There are many elements which make up a visually appealing image....subject, composition, editing but without doubt the single most important factor for me is light. Light transforms images, it gives them depth, it helps create mood and atmosphere. If you want people to be wowed by your landscapes then you need to consider how to use light to its optimum. For me it's the most important part of photography and its something I look to incorporate into all my images...if possible. I look for that lovely golden light which warms and casts lovely light across the landscape. If you look at my gallery you will notice I don't tend to take a lot of sunrise or sunset shots of colourful skies, this is because when I look to take an image I'm looking for the golden light hitting my scene are really give it some pop. I use various tools and techniques to get the maximum light in my shots, but its not all due to luck and there is a fair amount of planning than can go into it and give me the best chance of getting my shots. So in this blog i'm going to share some of the resources I use and what I look for when shooting with light. I will use a recent trip up to High Stile as an example, as it was a location I hadn't been before so I researched it extensively before I visited to give me the best chance of success.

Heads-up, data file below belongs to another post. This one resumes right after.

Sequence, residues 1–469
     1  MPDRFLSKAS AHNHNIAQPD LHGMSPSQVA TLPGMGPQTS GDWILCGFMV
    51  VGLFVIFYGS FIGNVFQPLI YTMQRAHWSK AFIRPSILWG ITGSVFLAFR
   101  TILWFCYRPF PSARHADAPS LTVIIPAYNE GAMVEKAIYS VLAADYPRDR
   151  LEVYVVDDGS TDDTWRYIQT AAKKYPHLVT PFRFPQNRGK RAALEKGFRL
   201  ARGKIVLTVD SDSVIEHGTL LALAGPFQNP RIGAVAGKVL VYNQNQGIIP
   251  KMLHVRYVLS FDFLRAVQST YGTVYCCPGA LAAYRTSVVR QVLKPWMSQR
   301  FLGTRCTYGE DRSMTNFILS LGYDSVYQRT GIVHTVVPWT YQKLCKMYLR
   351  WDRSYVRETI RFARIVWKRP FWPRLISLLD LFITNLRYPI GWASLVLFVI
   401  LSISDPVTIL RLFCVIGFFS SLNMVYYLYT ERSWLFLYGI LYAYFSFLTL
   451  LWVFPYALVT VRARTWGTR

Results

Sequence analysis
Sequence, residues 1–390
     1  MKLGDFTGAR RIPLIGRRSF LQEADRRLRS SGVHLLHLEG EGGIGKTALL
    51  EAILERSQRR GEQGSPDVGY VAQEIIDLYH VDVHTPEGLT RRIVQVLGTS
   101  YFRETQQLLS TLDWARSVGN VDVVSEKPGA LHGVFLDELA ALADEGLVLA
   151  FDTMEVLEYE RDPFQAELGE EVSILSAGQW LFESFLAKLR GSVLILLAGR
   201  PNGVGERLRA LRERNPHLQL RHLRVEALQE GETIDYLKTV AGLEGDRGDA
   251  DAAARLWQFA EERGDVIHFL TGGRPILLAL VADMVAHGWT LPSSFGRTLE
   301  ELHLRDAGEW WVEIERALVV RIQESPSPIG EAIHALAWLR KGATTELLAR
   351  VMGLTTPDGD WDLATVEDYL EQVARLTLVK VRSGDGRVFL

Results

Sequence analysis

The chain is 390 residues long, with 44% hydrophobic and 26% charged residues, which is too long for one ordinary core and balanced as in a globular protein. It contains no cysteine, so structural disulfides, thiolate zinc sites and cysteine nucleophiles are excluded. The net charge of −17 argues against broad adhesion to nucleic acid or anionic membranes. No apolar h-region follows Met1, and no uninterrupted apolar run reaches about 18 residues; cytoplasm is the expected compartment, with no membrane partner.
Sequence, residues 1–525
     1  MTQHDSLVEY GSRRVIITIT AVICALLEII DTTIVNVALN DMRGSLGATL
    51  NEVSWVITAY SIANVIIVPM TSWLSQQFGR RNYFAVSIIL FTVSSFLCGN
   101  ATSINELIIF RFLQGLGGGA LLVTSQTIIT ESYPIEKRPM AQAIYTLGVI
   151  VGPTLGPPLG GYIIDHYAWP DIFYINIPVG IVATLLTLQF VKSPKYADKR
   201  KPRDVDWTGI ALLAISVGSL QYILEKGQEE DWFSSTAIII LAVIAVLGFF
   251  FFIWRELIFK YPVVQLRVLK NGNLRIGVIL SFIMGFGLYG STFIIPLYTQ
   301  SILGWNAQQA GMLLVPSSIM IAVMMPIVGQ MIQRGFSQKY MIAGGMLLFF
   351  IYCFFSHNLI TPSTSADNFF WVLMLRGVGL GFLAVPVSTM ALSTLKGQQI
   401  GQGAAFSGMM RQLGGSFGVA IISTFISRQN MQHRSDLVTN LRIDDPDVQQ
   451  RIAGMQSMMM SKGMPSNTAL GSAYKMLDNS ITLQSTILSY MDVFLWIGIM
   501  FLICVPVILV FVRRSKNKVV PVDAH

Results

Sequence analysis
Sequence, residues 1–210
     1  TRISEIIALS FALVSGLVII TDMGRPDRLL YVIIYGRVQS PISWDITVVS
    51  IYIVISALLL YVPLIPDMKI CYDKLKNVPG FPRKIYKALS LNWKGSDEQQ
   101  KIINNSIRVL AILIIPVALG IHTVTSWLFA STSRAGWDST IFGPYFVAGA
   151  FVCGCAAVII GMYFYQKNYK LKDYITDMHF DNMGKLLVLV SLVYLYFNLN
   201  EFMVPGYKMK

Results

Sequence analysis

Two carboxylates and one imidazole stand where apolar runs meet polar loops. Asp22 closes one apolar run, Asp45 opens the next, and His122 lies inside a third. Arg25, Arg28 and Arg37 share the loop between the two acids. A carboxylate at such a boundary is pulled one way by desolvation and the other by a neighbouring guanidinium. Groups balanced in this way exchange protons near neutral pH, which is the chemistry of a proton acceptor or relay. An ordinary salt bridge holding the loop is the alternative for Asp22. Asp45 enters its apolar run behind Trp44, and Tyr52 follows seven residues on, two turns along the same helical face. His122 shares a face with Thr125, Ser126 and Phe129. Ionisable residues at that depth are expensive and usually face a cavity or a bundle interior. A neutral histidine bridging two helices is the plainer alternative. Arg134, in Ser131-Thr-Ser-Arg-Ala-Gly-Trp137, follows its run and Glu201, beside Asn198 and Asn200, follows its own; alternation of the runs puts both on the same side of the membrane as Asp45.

An understanding of where the sun will rise or set.